So, today we’re testing to see if you’re up on the facts on CO2. Yeah, that’s me, poking people through the bars of their cage.  <evil laugh> I have to get my ever-so-cheap thrills where I can. It is, after all, still raining.

So, pick one.

  • I think ALL of the CO2 in the Earth’s Atmosphere is from man.
  • I’m not sure how much “Man Made” CO2 is in the Earth’s Atmosphere.
  • There is .04% CO2 in the Earth’s Atmosphere and of that “Man” has added an extra 4% (1 part in 62,500)

If you pick the first, the time machine line forms to my left. If you picked the second, I’m a little surprised you stayed awake long enough to read all the way through this post. You can go back to sleep now.

March 27, 2012

On Nancy Reagan and Jane Fonda

by Nori — Categories: Feeding the Soul, Government, PoliticsComments Off on On Nancy Reagan and Jane Fonda

Does it bother you at all that avowed socialist Jane Fonda is slated to play the iconic Nancy Reagan? I have to say . . . it bothers me a lot. Not only because I don’t want the nation’s memory of Mrs. Reagan soiled by being associated with such an un-American person, but because I don’t think Fonda is a good enough actress to pull of the quintessential and beloved First Lady and wife of one of our most successful Presidents ever.

March 24, 2012

What’s in it for me?

by Nori — Categories: Feeding the Soul, Government, Politics, Wising upComments Off on What’s in it for me?

Are you a fully actualized citizen? You can determine your status by answering one question. When you reflect on the federal government and ponder “what’s in it for me”, what are your expectations? What is it you expect the government to do for you?

If you haven’t really studied government, how it was designed to work by our founders, how it works now, how the changes impacts the citizenry and the direction our country’s headed, you may not see the pitfalls before us. Let me give you just a little food for thought.

In my view, a fully actualized citizen is one who, when questioning the role of government and what they have to gain, thinks about the natural rights of liberty and property as defined by the Constitution and Bill of Rights. They know to get ahead they must work harder AND smarter, but they expect to be able to benefit from their efforts and sacrifice. They expect to bear the penalties of their mistakes. They have embraced their freedom and revel in it.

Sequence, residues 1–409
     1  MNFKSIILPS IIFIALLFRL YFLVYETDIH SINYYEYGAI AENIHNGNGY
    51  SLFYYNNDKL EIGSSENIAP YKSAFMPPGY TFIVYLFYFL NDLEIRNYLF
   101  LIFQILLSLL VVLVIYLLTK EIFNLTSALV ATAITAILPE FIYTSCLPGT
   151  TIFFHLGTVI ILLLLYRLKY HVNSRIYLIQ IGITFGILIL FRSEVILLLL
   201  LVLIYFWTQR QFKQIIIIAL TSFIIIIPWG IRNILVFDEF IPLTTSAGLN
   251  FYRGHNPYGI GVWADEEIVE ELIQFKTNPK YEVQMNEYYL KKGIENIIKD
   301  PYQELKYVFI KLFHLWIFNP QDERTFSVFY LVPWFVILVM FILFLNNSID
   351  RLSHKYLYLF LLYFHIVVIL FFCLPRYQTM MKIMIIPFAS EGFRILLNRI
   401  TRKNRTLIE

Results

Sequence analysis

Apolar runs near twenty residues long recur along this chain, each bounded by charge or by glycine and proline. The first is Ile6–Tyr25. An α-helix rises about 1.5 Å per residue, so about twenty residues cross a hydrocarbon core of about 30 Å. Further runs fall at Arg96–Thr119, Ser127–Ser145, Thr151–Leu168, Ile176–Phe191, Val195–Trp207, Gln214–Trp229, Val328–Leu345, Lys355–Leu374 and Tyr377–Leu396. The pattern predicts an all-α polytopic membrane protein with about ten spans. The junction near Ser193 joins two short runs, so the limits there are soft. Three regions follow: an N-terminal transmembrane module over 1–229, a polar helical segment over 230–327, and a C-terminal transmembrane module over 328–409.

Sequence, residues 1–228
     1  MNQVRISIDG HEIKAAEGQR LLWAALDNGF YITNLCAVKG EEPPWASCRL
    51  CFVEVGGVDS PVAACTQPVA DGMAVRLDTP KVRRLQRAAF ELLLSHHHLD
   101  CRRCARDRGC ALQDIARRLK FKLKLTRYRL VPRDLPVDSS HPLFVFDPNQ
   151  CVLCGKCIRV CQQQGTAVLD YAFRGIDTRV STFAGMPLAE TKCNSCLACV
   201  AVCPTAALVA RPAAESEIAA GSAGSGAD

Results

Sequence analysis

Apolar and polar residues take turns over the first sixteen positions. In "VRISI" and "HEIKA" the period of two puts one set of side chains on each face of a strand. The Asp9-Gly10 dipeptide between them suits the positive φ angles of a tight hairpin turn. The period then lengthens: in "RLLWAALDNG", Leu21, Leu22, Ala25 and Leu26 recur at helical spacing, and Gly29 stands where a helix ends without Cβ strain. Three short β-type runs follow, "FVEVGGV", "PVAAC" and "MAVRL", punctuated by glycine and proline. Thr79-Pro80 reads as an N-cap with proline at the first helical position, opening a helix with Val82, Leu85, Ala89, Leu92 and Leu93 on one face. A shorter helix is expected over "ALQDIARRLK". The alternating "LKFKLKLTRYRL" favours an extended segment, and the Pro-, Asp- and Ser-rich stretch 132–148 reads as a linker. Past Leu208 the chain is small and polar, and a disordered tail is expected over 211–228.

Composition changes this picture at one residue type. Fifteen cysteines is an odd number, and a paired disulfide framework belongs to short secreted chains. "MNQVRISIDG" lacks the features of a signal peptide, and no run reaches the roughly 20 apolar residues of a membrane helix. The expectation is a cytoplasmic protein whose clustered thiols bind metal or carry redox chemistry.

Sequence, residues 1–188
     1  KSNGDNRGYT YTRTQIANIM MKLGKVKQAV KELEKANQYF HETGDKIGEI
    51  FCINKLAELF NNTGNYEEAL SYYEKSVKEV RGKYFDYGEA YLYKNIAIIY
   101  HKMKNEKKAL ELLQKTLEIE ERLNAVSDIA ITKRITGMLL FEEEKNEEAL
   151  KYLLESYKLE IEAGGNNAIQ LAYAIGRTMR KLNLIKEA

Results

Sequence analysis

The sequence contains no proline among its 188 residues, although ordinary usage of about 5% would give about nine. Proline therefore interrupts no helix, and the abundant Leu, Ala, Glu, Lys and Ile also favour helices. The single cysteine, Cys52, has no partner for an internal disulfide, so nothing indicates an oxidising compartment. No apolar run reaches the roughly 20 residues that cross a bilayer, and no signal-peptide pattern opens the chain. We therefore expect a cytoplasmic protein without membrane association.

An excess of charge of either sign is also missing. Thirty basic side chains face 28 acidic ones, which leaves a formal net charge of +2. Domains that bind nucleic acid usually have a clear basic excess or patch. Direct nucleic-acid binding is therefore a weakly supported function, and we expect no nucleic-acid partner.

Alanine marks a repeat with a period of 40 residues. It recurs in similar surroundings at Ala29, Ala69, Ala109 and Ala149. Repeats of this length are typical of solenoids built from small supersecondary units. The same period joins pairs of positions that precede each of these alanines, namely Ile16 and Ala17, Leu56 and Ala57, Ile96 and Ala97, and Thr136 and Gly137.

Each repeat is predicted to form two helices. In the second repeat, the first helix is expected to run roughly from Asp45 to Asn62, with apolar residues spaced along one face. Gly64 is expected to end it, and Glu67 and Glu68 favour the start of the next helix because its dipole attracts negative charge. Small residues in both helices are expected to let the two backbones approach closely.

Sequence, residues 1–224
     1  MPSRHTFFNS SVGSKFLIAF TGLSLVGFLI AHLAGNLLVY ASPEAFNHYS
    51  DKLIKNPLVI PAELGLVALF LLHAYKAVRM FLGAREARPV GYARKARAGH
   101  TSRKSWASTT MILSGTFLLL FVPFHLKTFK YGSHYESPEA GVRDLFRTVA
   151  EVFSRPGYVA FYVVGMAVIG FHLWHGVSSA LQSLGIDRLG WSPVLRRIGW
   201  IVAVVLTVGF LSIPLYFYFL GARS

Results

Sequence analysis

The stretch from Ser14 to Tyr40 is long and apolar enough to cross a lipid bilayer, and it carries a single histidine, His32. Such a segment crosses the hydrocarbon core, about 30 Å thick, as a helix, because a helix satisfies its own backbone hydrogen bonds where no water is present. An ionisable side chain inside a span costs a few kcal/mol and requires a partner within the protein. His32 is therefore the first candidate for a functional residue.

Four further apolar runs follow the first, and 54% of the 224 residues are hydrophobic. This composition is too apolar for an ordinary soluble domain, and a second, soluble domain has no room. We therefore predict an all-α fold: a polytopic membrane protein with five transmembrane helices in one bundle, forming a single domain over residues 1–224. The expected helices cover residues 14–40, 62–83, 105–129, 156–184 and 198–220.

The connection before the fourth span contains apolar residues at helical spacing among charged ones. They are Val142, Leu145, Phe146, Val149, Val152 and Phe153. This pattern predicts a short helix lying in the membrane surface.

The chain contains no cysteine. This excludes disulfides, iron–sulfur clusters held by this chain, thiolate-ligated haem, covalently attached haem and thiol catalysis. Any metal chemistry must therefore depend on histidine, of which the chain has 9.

Someone who has not yet reached full maturity in their citizenship is someone very concerned about “fair”. Any benefit they could potentially receive by direct action of the government are perceived as rights to which they feel entitled . . . right to health care, right to a job, right to a house. The catch-word for this class of citizen is “fair”, I want my fair share, he has more than I do that’s not fair. They have no concept that “fair” is actually “fair and equal under the law”. It isn’t “you get the same”, it’s “you get treated the same”, a wholly different thing.

The only thing we are truly entitled to beyond the liberties and freedoms defined in the Constitution and Bill of rights is freedom of opportunity. Anything or anyone who reduces this right is negatively impacting your natural right to success as each of us defines it.

This country used to be about freedom, the right to work hard . . . or not, the right to strive to better your existence . . . or not, the right to think and dream and live to the best of your ability. This is the ideal of advanced citizenship as defined by the Constitution and Bill of Rights!